This debut self titled outing is very well presented, although sadly the comparisons to any other Wilson related output ends here. Blackfield seems to be an outlet for a more simplistic pop rock and after having seen them live; many of the quieter, less eventful tracks don't transfer very well into the live setting.
A few of these tracks Aviv actually wrote himself including the powerful and moving Cloudy Now which was written about his native Israel. As well as this highlight, the title track is one of the best songs because of its catchyness and originality.
Sadly though, for me the albums has too many quiet, uninteresting filler tracks which lower its overall effectiveness, although this International Edition contains a bonus CD with a couple of extra tracks and a video to the title track which was directed by Lasse Hoile.
Steven Wilson (front man of British progressive rock band "Porcupine Tree") and Aviv Geffen (a close friend of Wilson's and something of a star in his homeland of Israel) team up to create the rock band "Blackfield".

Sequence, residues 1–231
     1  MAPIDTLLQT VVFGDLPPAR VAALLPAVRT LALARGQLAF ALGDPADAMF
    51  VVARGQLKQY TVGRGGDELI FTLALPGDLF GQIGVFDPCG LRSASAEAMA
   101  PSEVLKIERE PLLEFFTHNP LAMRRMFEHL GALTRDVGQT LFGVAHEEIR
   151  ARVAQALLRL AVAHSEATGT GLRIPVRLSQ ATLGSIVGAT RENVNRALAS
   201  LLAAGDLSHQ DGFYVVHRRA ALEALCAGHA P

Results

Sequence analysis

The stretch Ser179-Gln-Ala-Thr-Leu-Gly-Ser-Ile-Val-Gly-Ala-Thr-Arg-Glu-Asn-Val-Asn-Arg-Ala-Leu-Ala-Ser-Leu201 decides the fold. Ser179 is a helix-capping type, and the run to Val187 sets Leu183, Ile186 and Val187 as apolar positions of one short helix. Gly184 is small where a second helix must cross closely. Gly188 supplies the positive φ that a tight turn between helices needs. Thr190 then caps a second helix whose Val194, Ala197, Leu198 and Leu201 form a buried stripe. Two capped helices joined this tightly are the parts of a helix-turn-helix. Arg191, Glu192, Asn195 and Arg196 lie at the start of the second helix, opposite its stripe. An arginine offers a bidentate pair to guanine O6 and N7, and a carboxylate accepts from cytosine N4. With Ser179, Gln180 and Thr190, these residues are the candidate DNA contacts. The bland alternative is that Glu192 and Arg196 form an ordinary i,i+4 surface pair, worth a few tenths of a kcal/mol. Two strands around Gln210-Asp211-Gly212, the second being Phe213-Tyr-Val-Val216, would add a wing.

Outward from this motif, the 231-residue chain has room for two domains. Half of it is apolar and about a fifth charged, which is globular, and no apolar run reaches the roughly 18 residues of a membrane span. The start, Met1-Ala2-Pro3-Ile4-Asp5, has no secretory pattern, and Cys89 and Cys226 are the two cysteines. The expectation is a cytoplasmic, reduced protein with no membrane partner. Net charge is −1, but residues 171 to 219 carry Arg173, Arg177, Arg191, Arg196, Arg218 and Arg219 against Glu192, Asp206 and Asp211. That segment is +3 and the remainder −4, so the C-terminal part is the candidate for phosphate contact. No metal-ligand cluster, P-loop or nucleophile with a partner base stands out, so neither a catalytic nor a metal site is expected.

Wilson commented in an interview that his vision for Blackfield was to produce a set of true "songs" on this album. Porcupine Tree, his lead project, are known (and championed) by their fans for writing extremely complex and often lengthy tracks - not so radio friendly, but great fun for the keen progressive rock listener!
Wilson's voice dominates in this album - slightly thin, slightly reedy, but oh so wonderfully layered and harmonised. Geffen's thickly accented voice shines on only a few tracks - notably "Pain", with it's heavier, moody verses and soaring chorus. Gavin Harrison (Porcupine Tree's long standing drummer) is incredibly restrained on this album - very much in fitting with the "simpler" approach to song writing and performance. This is not to say that the drumming is boring though - it's executed precisely and, from time to time, Harrison has a little fun in some of his fills. As far as the other instruments go, the album is quite exquisitely put together - atmospheric synths and strings, gentle guitars that just seem to brush past you (see title track "Blackfield") and some very neat electric guitar work. No extended guitar solos, no lengthy passages of riffing - just clean and simple music. Very well produced too - everything comes through sharp and clear. Wilson oversees the production of all his work and is a tyrant for perfection!